Consideration is now given to the circuitry for deriving signals ENDSRV and ENDCOD which are applied to the set inputs of flip-flops 104 and 105, FIG. 8b. To these ends, signal SRVWND at the Q output of flip-flop 104 is applied to the trigger (T) input of flip-flop 106, initially biased by a positive d.c. voltage at its reset (R) input so that signal CODWND derived from the Q output of the flip-flop has a binary zero level. Flip-flop 106 is triggered by the trailing negative going edge of signal SRVWND after the six servo positioning cells have been read by head T. Thereby, flip-flop 106 changes state as head T starts to read the eleven address bits, during which signal CODWND has a binary one level. The binary one level of signal CODWND is maintained for eleven address cells, until signal ENDCOD is coupled to the set (S) input of the flip-flop from counter 107.

Signals CODWND and SRVWND, and the complements thereof, as derived at the outputs of flip-flops 104 and 106, are combined with periodically derived signals Q2 and Q'2 to control bidirectional counter 107 which derives signals ENDSRV and ENDCOD. Signal Q2 has a binary one value for the first third of each of the six servo position information cells read by head T in each reference zone. In contrast, signal Q'2 has a binary one level for approximately the first half of each address cell read by head T in each reference zone. The apparatus for deriving signals Q2 and Q'2, illustrated in FIG. 8c, includes cascaded bistable flip-flops 108 and 109, selectively interconnected as three phase and two phase triggered periodic sources by a feedback circuit including logic circuit 111. Circuit 111 includes NAND gates 112 and 113 respectively responsive to signals SRVWND and CODWND to determine whether a three or two phase periodic signal is to be derived. Flip-flop 108 includes a trigger (T) input responsive to pulses from clock source 20 and is synchronized by the first marker pulse derived from NAND gate 103 so that the output pulses thereof always occur a predetermined interval after the first marker pulse from the head in each reference zone. Initially, flip-flop 21 is biased by a positive d.c. voltage applied to the set (S) input thereof so that signals Q2 and Q'2 at the output of the Q terminal of the flip-flop have binary zero values. Flip-flop 108 includes J and K input terminals respectively responsive to a feedback signal from logic network 111 and the Q output of the flip-flop. Flip-flop 108 also includes a reset input responsive to signal ZRPWND at the Q output of flip-flop 105, so that the flip-flop 108 can change state only while signal ZRPWND has a binary one value, i.e. while a reference zone is being read by head T.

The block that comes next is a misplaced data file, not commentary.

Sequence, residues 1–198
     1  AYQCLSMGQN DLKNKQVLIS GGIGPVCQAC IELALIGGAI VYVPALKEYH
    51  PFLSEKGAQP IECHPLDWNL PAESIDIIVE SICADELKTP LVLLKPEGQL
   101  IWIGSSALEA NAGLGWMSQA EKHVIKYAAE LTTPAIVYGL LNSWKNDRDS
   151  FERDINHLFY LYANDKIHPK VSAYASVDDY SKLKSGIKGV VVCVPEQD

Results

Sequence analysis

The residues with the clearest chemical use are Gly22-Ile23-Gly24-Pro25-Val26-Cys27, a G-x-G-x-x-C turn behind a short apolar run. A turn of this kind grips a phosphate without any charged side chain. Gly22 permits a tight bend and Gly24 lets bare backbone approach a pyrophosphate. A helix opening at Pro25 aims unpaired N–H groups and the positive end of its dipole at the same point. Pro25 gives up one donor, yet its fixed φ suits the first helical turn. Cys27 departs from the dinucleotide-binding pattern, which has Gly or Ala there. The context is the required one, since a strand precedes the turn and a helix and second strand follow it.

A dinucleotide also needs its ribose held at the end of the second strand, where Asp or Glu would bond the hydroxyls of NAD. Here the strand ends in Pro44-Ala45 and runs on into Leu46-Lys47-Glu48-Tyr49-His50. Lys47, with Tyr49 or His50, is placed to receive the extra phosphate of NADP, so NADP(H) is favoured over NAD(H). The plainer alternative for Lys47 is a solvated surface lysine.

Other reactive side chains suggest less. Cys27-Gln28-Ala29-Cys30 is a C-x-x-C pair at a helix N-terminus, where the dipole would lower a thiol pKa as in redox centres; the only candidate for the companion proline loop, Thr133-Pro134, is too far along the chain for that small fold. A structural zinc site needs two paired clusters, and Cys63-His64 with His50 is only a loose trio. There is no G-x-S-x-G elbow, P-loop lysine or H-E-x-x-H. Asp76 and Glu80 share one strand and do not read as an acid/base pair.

In response to the signals applied to flip-flop 108, the flip-flop is activated so that a binary one level is derived at the Q output thereof during the first third of each servo information position cell; it is to be recalled that six such cells occur at the beginning of each sector. The signal at the Q output of flip-flop 108 is coupled in parallel to the J and K input terminals of flip-flop 109, having a trigger (T) input also responsive to the output of clock 20. Flip-flop 109 includes set (S) and reset (R) terminals respectively responsive to the positive d.c. bias voltage and signal ZRPWND, whereby flip-flop 109 can change state only while reference zones are read by head T. Flip-flop 109 responds to the signals applied thereto to derive a binary one level during the second third of each of the six servo position information cells at the beginning of each sector.